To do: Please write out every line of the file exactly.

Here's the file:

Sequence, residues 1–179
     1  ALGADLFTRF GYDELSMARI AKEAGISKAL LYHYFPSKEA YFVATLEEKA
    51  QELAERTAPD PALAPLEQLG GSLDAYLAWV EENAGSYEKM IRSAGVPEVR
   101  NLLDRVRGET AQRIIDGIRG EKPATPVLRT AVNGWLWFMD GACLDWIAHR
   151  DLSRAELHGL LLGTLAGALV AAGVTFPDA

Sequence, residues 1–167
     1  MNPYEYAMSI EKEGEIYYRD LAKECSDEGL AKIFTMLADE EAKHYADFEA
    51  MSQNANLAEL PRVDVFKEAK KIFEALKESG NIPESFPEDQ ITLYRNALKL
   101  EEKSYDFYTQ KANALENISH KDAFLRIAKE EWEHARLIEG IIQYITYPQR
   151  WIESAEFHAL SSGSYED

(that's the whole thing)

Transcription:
Sequence, residues 1–179
     1  ALGADLFTRF GYDELSMARI AKEAGISKAL LYHYFPSKEA YFVATLEEKA
    51  QELAERTAPD PALAPLEQLG GSLDAYLAWV EENAGSYEKM IRSAGVPEVR
   101  NLLDRVRGET AQRIIDGIRG EKPATPVLRT AVNGWLWFMD GACLDWIAHR
   151  DLSRAELHGL LLGTLAGALV AAGVTFPDA

Sequence, residues 1–167
     1  MNPYEYAMSI EKEGEIYYRD LAKECSDEGL AKIFTMLADE EAKHYADFEA
    51  MSQNANLAEL PRVDVFKEAK KIFEALKESG NIPESFPEDQ ITLYRNALKL
   101  EEKSYDFYTQ KANALENISH KDAFLRIAKE EWEHARLIEG IIQYITYPQR
   151  WIESAEFHAL SSGSYED